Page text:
Category Archives: Constitution

Freedom From? Or Freedom TO?

The lyrics from an old song keep running through my head. “If I knew you were coming, I’d have baked a cake, baked a cake…”

Unless you’re gay, of course.

Today, the Supreme Court will hear oral arguments in a case that will determine which version of that song we’ll sing.

Masterpiece Cakeshop insists that its cakes are “art,” and that the Constitution protects the refusal of the “artist”–aka the guy who bakes the cakes– to bake them for LGBTQ folks. According to the baker, forcing him to sell his “art” to anyone with the money to purchase it compels him to express approval of something his religion condemns–in this case, same-sex marriage.

Those of us who are old enough to remember when “sincere” religious belief was the argument advanced by retailers refusing service to African-Americans tend to frame the issue differently: Does either clause of the First Amendment operate to exempt people from complying with laws of “general application”?

The word “theocrat” gets thrown around a lot these days, and for perfectly understandable reasons, but the question the Court will address is the inverse of what we usually mean when we use that term. Theocracy implies the imposition of one group’s religious beliefs on the nation as a whole through law–using the power of the state to enforce conformity with the religious precepts of a dominant sect.

Here, the question is whether and when respect for an individual’s (presumably sincere) religious belief should exempt that individual from compliance with rules that everyone else must follow. Under what conditions–if ever– should the law allow such exemptions? During prohibition, I’m pretty sure that most Americans–even ardent prohibitionists– would distinguish between Catholics sipping wine during Mass and party-goers imbibing bathtub gin. When the Supreme Court decided the Smith case, ruling that the use of peyote in an Indian religious ceremony was a violation of state drug laws (laws of “general application”) the resulting uproar was a sign that most people considered the decision to be an overly-zealous application of the principle.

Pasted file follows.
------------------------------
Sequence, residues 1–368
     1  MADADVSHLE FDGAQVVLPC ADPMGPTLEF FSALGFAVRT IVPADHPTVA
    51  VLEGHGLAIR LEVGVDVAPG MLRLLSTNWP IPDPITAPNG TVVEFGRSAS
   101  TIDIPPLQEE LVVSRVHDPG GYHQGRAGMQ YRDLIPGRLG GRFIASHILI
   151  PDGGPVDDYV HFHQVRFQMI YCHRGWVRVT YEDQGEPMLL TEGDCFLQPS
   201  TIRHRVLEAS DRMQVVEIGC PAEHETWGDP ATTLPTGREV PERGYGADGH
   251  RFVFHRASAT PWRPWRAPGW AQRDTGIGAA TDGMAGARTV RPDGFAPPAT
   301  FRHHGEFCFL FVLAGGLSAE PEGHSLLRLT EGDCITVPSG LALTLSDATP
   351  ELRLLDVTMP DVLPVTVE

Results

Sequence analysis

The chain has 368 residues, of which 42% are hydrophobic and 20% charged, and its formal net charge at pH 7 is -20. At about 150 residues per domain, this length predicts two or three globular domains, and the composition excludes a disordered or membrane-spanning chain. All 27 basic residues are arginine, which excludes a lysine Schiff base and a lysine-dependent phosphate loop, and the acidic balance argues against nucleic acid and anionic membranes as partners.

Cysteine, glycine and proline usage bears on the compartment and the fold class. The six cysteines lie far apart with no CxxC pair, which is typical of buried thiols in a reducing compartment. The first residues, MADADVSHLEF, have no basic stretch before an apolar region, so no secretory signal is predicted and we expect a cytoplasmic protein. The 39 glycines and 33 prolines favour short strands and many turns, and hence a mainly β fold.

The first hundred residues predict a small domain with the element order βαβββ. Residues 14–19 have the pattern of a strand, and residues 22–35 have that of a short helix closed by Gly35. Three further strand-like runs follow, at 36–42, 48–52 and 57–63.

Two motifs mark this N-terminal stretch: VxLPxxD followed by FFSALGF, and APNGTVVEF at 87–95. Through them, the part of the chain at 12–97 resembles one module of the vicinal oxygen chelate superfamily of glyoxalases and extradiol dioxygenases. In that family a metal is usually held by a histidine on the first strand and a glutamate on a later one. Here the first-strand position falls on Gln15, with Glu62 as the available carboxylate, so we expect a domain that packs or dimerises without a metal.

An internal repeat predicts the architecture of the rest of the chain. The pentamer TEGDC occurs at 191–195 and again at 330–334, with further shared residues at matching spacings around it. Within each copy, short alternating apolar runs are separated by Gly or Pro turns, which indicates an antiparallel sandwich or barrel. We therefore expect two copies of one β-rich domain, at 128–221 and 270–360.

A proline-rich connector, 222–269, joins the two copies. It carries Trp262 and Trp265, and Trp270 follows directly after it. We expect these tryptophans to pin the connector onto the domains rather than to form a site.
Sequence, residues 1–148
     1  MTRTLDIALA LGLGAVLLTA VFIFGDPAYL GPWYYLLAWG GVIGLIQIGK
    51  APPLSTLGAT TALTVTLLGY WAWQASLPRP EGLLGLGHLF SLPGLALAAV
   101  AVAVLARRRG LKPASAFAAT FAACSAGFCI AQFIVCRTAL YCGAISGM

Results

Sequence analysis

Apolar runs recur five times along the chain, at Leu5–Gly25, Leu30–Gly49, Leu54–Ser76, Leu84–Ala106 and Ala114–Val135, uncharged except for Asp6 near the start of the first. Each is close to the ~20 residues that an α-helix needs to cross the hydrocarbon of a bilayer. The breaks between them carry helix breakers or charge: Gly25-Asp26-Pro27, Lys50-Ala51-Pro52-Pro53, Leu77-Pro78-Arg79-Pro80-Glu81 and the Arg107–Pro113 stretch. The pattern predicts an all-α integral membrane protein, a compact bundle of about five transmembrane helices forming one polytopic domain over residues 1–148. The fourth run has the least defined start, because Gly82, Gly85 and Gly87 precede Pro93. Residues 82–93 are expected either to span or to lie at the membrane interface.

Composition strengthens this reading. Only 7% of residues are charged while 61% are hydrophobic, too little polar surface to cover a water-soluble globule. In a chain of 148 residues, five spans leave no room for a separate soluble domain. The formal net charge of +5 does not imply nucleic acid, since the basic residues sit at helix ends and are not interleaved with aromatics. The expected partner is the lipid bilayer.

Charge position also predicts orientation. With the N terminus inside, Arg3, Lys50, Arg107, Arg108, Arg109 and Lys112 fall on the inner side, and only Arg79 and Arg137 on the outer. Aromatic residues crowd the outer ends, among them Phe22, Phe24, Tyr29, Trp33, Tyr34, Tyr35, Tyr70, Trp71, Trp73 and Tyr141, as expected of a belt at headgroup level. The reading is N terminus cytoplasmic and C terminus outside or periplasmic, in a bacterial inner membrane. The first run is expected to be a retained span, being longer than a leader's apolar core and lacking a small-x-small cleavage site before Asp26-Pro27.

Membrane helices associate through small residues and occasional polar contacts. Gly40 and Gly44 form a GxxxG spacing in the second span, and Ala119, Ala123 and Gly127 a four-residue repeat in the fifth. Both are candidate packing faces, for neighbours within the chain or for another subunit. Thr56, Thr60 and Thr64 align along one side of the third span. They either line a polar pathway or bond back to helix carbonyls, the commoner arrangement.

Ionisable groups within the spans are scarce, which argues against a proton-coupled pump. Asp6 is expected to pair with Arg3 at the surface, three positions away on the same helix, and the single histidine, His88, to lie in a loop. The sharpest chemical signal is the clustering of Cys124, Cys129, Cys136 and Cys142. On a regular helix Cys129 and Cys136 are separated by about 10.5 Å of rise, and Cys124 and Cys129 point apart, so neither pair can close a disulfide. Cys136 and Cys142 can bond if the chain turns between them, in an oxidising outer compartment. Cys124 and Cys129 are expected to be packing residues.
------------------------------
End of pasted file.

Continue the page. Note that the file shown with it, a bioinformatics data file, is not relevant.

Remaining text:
When someone is asking to be exempted from a law that wasn’t originally intended to constrain their particular behavior, it may or may not be appropriate to grant the request. When someone wants to be excused from complying with a law that was expressly intended to protect other people from harm or discrimination, however, the calculus changes.

My religion might teach me that I have an obligation to sacrifice my first-born; my entirely sincere belief that I should do so will not exempt me from a law against infanticide. I might sincerely believe that my particular God has no problem with my stealing from people who don’t share my religious beliefs, but that sincere belief won’t keep me out of jail.

In short, my “religious liberty” defense fails when I invoke it to excuse noncompliance with  laws protecting others. Neither my right to “artistic expression/free speech” nor my liberty to believe in a religion of my choice gives me permission to mistreat or disadvantage others. As my friend Steve Sanders pointed out in a wonderful op-ed for the New York Times  on Sunday, anti-discrimination laws regulate conduct, not expression. As he wrote, “if our baker/artist decided that he could not be true to his muse without the use of banned coloring agents, would the food safety laws have to yield? Of course not.”